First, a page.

China’s envoy has accused the federal government of discrimination for blocking the takeover of a Canadian construction giant by a Chinese state-owned enterprise on national security grounds, calling on Canada to get rid of such ”demons” of prejudice against his country.
In a column published in The Globe and Mail on Tuesday, Ambassador Lu Shaye said that the Liberal cabinet expanded and politicized the concept of national security when it cited threats to sovereignty in rejecting the $1.5-billion sale of Toronto’s Aecon Group Inc. to China Communications Construction Company (CCCC).
The outspoken envoy did not threaten retaliation but made clear Beijing won’t put up with Canada questioning China’s one-party rule and its state-owned enterprises that operate around the world.
“Canada’s rejection of Aecon shows that Chinese enterprises are suffering from unfair treatment – and it’s not the first time,” Mr. Lu wrote. “I hope Canadians can embrace China as simply a different country and not regard China as a threat just because of our differences. Only by getting rid of such kinds of demons can Canada relieve the burden, co-operate with China and come aboard the express train of China’s development.”
David Mulroney, a former Canadian ambassador to China, said Mr. Lu ignores that China closed off entire sectors of its economy to foreign investors without any reason given.
The Trudeau government has finally realized that many state-owned enterprises are beholden to President Xi Jinping’s political objectives, Mr. Mulroney said.
“Countries are going to react to that and worry that the party is playing a role in investment decisions and whether the party will seek to influence decisions in favour of China,” Mr. Mulroney said. “Other countries are reacting with increasing concern to large-scale Chinese investment. ... So China will try to isolate each country and make it seem like it is an issue for them alone.”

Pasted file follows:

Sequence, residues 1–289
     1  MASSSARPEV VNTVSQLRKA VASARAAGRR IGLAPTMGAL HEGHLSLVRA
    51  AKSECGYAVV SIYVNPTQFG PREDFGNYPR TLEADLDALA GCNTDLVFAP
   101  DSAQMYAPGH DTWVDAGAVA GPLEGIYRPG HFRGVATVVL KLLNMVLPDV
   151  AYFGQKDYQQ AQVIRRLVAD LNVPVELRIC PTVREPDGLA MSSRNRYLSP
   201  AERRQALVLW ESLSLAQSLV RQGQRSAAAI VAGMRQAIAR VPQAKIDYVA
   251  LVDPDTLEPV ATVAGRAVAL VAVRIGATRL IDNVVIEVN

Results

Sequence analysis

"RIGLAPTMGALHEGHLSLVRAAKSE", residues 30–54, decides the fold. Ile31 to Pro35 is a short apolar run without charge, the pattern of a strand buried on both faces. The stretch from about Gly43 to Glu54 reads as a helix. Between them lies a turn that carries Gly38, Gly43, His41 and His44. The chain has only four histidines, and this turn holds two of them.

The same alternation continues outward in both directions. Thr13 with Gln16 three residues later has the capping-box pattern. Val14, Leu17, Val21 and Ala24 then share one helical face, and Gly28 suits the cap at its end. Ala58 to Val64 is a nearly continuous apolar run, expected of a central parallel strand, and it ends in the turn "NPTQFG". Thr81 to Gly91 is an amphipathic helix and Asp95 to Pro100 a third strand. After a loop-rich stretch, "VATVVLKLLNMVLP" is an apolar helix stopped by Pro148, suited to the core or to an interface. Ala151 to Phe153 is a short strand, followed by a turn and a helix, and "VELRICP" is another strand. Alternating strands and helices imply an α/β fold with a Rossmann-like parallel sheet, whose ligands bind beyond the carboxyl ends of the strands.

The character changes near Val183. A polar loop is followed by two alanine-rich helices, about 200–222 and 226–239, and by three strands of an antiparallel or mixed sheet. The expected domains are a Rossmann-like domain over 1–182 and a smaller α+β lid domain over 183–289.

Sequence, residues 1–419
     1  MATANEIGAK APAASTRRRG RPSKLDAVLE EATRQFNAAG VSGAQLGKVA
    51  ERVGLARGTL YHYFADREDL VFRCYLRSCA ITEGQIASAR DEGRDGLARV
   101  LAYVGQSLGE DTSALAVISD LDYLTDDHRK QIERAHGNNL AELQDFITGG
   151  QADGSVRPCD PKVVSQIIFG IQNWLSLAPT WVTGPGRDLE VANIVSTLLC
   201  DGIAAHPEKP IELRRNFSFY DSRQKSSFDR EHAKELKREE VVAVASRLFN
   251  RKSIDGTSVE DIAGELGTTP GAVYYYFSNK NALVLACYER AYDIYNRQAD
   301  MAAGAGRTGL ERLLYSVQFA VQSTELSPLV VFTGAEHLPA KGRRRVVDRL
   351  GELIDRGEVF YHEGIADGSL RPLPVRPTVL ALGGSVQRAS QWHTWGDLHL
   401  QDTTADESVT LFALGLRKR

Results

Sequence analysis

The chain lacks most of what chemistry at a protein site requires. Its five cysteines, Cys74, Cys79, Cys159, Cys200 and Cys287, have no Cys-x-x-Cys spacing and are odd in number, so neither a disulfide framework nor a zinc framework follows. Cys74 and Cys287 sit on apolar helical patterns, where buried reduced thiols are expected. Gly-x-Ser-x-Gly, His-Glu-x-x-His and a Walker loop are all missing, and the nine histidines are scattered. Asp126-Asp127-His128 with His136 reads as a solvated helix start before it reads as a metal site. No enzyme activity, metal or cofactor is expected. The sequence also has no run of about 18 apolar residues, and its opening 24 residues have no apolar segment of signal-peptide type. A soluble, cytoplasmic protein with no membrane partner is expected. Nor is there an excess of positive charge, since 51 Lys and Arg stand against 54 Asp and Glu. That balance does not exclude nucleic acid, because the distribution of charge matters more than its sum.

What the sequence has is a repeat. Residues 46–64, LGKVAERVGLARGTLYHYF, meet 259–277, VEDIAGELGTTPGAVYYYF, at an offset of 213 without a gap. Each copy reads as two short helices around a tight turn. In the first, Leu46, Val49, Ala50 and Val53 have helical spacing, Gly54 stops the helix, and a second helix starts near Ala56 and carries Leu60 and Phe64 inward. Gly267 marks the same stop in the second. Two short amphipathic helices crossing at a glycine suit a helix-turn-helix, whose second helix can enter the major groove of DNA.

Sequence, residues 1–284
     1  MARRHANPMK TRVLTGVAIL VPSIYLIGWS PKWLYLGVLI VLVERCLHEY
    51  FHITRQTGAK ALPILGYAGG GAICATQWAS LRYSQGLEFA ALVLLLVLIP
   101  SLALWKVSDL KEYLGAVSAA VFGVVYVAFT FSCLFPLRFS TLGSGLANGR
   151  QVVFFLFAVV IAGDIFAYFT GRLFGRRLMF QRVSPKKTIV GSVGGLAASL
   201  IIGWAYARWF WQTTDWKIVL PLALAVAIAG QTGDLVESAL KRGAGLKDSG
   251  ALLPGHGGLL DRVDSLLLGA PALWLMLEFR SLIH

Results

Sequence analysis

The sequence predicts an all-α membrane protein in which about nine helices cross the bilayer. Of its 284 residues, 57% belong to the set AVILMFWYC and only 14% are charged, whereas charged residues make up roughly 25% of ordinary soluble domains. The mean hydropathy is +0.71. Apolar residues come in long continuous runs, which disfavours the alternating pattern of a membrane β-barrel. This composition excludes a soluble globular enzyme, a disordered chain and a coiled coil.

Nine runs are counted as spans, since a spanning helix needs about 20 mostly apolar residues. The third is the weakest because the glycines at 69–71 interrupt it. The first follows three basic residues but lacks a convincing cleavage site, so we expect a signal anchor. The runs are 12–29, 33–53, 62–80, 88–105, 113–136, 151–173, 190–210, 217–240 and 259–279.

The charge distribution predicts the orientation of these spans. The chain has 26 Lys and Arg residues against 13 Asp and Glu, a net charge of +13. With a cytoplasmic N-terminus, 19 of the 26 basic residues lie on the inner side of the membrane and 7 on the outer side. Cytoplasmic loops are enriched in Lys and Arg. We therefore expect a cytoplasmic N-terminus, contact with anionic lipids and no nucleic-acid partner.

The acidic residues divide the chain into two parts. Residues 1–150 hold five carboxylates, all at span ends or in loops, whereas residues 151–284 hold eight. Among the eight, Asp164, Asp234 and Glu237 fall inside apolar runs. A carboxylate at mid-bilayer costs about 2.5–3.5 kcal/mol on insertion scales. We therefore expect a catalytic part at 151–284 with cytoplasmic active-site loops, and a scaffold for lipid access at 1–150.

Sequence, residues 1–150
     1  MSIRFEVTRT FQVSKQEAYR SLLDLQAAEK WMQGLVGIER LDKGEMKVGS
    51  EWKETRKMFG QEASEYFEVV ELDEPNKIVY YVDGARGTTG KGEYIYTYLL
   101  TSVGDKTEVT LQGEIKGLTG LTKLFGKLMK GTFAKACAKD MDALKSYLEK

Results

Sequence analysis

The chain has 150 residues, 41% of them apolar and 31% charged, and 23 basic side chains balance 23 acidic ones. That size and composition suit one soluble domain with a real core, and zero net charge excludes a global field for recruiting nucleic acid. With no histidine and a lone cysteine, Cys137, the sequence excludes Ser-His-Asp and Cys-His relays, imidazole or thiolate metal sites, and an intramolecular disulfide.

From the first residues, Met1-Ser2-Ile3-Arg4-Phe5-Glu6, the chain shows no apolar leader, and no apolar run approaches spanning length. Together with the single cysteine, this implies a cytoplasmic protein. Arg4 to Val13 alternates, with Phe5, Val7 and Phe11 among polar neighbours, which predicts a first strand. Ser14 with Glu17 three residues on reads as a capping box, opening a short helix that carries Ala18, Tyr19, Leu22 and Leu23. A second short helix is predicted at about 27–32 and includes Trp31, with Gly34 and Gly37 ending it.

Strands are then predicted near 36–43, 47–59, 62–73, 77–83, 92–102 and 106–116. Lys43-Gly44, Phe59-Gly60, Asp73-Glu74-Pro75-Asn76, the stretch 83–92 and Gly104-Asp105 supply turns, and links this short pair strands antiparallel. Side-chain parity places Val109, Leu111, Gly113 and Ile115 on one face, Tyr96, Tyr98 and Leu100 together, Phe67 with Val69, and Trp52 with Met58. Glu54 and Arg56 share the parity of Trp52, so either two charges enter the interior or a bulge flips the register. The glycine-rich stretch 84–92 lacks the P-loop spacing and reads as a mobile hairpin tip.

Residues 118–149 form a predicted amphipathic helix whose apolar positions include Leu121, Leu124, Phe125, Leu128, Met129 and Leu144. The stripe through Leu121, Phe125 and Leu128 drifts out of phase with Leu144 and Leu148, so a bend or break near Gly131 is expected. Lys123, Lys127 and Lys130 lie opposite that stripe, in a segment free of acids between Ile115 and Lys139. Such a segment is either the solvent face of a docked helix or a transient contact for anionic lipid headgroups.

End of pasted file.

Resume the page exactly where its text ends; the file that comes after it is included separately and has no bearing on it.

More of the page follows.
Mr. Lu blamed the Canadian media for “demonizing Chinese state-owned enterprises” and “repeatedly hyped CCCC as one of the state-owned enterprises of China, which they described as monsters,” he complained.
Prime Minister Justin Trudeau says his cabinet vetoed a Chinese state-owned conglomerate’s takeover of Aecon because of concerns it could control critical infrastructure projects and threaten Canadian sovereignty.
Aecon is a partner in a $2.7-billion refurbishment of Ontario’s Darlington Nuclear Generating Station, is building the massive Site C hydroelectric dam in B.C. and until recently was bidding with a team to construct and operate the $4.8-billion Gordie Howe International Bridge connecting Windsor and Detroit.
Mr. Lu said Ottawa’s rejection of the deal will “result in much greater loss” for Aecon than China, saying the acquisition was a minor purchase for CCCC, which is one of the largest construction firms in the world.
“The acquisition offered by CCCC at a premium of $1.5-billion was definitely good news for Aecon,” he said. “But for CCCC, a world construction giant, the Canadian construction market is insignificant and being rejected for acquiring Aecon may only mean that it has saved $1.5-billion.”
Intelligence agencies in both Canada and the United States have warned that companies owned or partly owned by the Chinese government are not merely profit-seeking operations; they are also prone to passing on information or technology to Beijing and making business decisions that could conflict with Canadian interests but serve the agenda of the authoritarian Communist Party of China.
The Chinese envoy also denied that Beijing has been stealing Western technology – an accusation that has levelled against telecommunications giant Huawei Technologies in the aftermath Nortel’s bankruptcy.
The Globe and Mail reported Saturday that Huawei has established a vast network of relationships with Canadian universities to create a steady pipeline of intellectual property that will aid its development of next-generation 5G mobile technology. Canadian university professors and researchers have transferred full rights to their inventions to Huawei in 40 instances.
Without mentioning Huawei by name, Mr. Lu said China has long been a “powerhouse of independent innovation” and it only makes sense for Western countries to co-operate with Chinese firms – or be left behind.